Man Sentenced to Life Forgot He Was in Jail at Time of Crime

LaDondrell Montgomery had his conviction for armed robbery and a life sentence overturned thanks to his attorney discovering he was in jail at the time of the crime.

But he's still not a free man. The Houston, Texas, felon remains in jail faced with five more robbery charges.

"He learned from his trouble. But he did have a record and I believe that is what kind of got him into trouble now, " Larry Montgomery, 58, told "Some of the people involved [in the cases] knew him from the past, from the neighborhood, and I believe had personal vendettas against him."

LaDondrell Montgomery, 36, has had several stints behind bars, starting in his twenties, which made it difficult for him to remember whether he was in jail or out on a particular date.

His life sentence for armed robbery, which he received in November, was overturned last Thursday after his attorney realized he had an air tight alibi. He was in jail at the time of the crime.

"My son had previously been in and out of incarceration before and had trouble remembering the dates," the elder Montgomery said.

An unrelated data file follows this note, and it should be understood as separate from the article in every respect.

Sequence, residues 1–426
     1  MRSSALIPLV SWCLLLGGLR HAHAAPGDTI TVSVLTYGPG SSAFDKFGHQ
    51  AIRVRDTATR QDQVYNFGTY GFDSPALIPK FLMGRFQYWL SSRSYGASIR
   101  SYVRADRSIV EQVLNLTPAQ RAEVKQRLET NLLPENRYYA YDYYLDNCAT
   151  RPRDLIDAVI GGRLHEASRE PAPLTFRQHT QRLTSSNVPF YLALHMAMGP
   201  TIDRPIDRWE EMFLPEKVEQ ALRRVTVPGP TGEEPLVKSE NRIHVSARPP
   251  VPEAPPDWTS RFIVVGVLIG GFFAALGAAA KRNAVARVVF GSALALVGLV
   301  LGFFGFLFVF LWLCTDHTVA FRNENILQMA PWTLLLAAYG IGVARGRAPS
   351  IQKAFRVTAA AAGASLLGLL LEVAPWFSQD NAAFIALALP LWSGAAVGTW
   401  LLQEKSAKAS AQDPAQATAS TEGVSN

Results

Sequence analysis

LaDondrell Montgomery might not have known where he was on Dec. 13, 2009, but he knew one place where he was not- the check cashing store that was held up by an armed robber.

He insisted throughout the trial that he was not the man in the surveillance footage that was used to convict him and sentence him to life in prison.

Montgomery's life sentence was thrown out after his attorney, Ronald Ray, scoured his rap sheet and realized he had been in jail at the time on a misdemeanor domestic violence charge and hadn't been released until nine hours after the crime.

State District Judge Mark Kent Ellis chided Ray and Assistant Harris County District Attorney Alison Baimbridge for being "spectacularly incompetent," according to the Houston Chronicle.

Baimbridge was unavailable for comment, but told the newspaper that prosecutors are typically barred from questioning suspects.

"That information, everyone would assume, would come from the person in custody," she said.

Ray told the newspaper the barb didn't bother him.

"I have freed a man from a life sentence, so if you want to say I'm incompetent for doing that, I'll accept that with a smile," he said.

For now, Larry Montgomery, who is a bishop with the Nation of God Ministries, said he hopes his son will be exonerated of the other counts and will return to being a productive member of society, something his father said he trying to do.

"He got married and he had a child," Montgomery said. "He went to work for the Harris County Flood Control. Every day, all the time. He was trying to turn his life around as a family man."

It's unclear whether Montgomery has discovered five more iron-clad alibis to get him out of trouble this time.